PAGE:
“The mantra used to be that they were following the science – that no longer seems to be the strategy of the Government and that is a mistake."
Which countries have introduced circuit breakers and how did they work?
Singapore, Israel and New Zealand. have all tried out a circuit breaker to stem a rise in cases.
In Singapore, Prime Minister Lee Hsien Loong announced the circuit-breaker in early April, forcing non-essential workplaces to close, schools to move to home-learning and businesses selling food were only able to offer take-away services.
The circuit-breaker was due to last for a month, with Mr Lee saying: “We have decided that instead of tightening incrementally over the next few weeks, we should make a decisive move now to pre-empt escalating infections.”
Cases in the country continued to rise, peaking at 1,426 new cases on April 20, and the circuit breaker was extended until June 1.
After it was lifted, the prime minister said the measures would not stop the outbreak in the country.
Many of the cases post circuit breaker have been found among migrant workers living in dormitories, with a spike in cases in August. The government said there were no new locally acquired cases on Tuesday.
The period of the circuit breaker coincided with a 13.2 per cent contraction of GDP on a year-on-year basis, with the Ministry of Trade and Industry adding: “The fall in GDP was due to the Circuit Breaker (CB) measures implemented from 7 April to 1 June 2020 to slow the spread of Covid-19 in Singapore, as well as weak external demand amidst a global economic downturn caused by the Covid-19 pandemic.”
Meanwhile, Israel is expected to emerge from a national lockdown this week after attempting a traffic light-style system – similar to England’s tiers plan – where areas with high infection rates faced the harshest measures.
The country, which had one of the highest infection rates per capita, introduced the measures over the High Holidays of Rosh Hashanah or a three-week period.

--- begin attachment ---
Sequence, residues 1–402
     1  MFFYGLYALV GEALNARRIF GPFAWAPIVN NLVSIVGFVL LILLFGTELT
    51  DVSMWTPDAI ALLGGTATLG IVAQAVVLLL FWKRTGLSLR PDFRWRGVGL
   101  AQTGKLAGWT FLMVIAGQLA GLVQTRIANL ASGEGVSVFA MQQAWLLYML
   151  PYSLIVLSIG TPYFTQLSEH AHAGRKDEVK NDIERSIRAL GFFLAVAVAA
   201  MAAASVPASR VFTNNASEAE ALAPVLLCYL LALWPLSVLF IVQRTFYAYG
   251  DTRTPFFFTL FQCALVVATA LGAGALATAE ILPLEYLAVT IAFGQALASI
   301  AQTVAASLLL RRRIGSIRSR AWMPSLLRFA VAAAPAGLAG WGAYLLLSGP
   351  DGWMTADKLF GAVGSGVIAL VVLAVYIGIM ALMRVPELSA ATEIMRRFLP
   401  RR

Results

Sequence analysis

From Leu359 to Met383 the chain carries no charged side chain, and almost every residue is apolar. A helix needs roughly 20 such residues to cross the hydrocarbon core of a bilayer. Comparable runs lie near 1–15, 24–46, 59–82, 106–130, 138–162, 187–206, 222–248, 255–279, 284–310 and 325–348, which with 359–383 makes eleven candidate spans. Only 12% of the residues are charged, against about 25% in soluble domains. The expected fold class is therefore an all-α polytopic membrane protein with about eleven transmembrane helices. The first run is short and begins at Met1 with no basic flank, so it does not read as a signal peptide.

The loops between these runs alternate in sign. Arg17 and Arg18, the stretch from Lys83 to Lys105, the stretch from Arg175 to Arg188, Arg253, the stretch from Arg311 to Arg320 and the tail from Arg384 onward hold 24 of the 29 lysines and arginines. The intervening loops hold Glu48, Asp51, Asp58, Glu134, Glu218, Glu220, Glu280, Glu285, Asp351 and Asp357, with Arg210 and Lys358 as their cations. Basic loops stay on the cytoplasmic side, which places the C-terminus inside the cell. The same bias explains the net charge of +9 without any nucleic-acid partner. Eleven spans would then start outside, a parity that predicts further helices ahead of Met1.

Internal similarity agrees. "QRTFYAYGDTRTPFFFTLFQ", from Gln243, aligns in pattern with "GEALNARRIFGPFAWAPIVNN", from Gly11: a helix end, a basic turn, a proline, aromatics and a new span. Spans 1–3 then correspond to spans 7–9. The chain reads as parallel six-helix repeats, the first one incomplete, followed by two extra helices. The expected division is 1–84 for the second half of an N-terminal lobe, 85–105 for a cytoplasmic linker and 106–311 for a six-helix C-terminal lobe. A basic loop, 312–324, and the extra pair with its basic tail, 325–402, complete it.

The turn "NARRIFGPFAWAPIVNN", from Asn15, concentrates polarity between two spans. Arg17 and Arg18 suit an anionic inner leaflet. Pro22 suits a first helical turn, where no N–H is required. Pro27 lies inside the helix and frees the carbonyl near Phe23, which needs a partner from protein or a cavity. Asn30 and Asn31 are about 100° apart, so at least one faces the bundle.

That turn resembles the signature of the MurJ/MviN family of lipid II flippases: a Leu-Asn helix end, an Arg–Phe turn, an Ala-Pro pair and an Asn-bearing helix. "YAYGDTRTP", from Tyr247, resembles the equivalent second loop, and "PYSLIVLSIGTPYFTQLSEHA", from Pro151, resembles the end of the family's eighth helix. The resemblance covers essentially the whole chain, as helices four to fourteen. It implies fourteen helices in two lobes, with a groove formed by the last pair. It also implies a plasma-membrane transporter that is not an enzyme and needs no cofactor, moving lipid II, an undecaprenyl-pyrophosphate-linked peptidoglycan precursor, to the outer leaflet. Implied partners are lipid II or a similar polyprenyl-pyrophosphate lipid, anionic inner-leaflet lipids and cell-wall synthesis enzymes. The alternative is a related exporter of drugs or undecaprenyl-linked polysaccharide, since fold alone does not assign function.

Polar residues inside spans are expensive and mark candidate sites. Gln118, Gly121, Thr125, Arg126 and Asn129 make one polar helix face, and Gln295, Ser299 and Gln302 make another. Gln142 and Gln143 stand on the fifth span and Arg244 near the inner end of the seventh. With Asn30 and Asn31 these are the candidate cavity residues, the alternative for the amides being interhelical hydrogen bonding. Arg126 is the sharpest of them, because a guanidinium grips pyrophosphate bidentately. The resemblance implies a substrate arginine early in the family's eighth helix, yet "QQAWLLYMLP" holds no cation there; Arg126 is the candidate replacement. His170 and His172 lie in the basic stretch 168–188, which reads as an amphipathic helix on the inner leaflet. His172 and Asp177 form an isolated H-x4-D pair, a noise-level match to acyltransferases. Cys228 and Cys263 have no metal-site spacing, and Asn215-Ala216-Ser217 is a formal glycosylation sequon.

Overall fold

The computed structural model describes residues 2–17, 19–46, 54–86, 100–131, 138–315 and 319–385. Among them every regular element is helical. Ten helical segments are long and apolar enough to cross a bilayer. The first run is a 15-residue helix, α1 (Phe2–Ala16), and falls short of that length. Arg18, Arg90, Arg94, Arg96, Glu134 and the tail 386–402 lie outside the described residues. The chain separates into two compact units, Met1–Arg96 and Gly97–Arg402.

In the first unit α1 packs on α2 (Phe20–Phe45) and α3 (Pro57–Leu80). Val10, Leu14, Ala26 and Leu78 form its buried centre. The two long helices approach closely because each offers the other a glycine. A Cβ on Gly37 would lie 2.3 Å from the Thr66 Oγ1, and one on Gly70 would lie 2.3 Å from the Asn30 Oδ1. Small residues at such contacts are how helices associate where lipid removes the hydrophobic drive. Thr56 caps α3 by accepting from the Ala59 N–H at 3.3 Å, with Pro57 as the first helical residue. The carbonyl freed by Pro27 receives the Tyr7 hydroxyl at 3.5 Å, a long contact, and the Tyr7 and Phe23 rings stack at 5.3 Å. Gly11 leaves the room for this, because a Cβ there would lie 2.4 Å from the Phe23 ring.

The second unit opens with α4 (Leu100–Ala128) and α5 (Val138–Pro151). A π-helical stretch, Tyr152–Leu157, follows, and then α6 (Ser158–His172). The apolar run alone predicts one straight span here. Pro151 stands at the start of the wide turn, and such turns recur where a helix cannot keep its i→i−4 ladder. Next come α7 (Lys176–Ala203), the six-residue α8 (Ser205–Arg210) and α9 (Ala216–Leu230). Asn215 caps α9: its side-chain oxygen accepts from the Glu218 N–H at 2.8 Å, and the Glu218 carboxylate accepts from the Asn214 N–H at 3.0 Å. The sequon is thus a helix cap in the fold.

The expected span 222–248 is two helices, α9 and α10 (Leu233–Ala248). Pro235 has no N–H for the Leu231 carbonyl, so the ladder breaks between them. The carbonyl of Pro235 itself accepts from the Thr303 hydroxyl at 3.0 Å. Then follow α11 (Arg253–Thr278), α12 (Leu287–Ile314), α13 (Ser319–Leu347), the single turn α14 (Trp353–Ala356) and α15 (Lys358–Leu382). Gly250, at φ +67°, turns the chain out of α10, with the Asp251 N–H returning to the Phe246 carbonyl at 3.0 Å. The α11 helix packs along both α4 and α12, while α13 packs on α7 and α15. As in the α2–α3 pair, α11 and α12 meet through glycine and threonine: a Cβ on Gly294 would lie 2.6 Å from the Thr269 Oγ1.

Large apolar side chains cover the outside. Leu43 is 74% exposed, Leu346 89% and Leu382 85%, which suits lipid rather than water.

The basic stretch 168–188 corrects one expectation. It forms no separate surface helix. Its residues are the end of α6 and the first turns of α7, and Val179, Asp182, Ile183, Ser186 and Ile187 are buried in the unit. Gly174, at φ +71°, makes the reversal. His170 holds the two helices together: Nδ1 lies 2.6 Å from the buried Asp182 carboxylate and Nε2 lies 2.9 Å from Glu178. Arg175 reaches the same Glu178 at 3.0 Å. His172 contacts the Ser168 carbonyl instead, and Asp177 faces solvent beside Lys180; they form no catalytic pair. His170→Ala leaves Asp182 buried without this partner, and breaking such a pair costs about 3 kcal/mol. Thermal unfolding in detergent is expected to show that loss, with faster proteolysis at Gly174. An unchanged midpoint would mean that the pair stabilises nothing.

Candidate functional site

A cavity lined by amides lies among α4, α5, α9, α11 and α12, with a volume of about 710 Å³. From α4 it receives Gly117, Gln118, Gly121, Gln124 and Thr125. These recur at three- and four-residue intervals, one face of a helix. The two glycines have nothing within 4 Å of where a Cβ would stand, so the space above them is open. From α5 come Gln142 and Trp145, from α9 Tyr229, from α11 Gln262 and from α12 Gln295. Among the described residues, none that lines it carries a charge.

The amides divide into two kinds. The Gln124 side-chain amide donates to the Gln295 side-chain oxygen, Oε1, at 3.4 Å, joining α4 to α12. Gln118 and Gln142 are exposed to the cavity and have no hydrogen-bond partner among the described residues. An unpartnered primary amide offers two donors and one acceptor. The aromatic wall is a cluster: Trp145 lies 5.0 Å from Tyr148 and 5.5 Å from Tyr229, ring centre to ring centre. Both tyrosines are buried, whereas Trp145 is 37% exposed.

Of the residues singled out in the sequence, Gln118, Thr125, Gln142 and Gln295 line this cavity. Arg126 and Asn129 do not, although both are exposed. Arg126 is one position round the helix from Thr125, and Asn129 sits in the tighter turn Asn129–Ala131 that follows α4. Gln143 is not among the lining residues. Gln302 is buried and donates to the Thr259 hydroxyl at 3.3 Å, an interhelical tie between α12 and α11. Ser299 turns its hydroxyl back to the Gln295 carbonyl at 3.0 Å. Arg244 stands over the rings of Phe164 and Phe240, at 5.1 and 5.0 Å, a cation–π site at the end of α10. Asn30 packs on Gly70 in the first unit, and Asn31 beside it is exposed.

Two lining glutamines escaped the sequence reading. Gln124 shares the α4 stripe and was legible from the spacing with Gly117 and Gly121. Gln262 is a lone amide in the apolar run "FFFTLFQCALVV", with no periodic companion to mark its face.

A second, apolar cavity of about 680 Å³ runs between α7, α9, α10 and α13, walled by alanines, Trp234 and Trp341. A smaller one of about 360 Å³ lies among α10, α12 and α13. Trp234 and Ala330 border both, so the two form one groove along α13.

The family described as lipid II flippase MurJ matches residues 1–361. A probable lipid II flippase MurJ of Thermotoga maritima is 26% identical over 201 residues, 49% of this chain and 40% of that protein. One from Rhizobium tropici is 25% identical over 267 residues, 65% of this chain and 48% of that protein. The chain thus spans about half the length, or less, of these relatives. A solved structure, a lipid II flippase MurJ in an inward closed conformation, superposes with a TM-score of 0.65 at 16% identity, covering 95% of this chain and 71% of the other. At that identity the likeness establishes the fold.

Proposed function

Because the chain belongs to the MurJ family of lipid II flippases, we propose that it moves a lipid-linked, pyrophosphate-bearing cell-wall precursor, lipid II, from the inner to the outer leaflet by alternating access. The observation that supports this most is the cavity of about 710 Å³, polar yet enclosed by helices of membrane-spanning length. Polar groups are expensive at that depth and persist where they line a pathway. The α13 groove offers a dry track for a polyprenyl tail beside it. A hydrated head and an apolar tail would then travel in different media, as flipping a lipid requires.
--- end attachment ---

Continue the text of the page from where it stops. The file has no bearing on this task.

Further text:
Starting on September 13, people could not travel further than 500 metres from their home unless for essential activities, there were closures of non-essential stores, hotels and restaurants and a limit of 10 on gatherings.
More severe measures came in just over a week later, including the forced closure of synagogues except for during Yom Kippur. The measures were expected to be lifted on October 10, but were extended for another week.
In a statement on Sunday, Prime Minister Benjamin Netanyahu said: “There are preliminary signs of success. However, we need another few days to evaluate this. The exit will also be gradual, responsible and cautious.”
Infection rates in Israel increased during the lockdown according to Johns Hopkins University figures – from 4,764 new cases on September 14 to more than 11,000 on September 23. The most recent figures show 3,538 new cases for October 12.
New Zealand's Prime Minister Jacinda Ardern put the country into Covid-19 Alert Level 4 – or a national lockdown – at midnight on March 26. An emergency alert was sent to New Zealanders saying “where you stay tonight is where you must stay from now on” and “you must only be in physical contact with those you are living with.”
The measures saw non-essential services, such as bars and restaurants closed, while supermarkets were allowed to remain open.
The Alert Level 4 ended on April 27, a week longer than expected.
Ms Ardern said: “We considered that the longer we are in lockdown, the less likely it is we will need to go back. We also considered moving alert levels on April 23, which is in just 48 hours’ time.
“The sacrifice made to date has been huge, and Cabinet wanted to make sure we lock in our gains, and give ourselves some additional certainty.”
On April 18, New Zealand recorded 13 new cases but did not have another day in double digits until August 12.
Watch: How will England's three-tier local lockdown system work?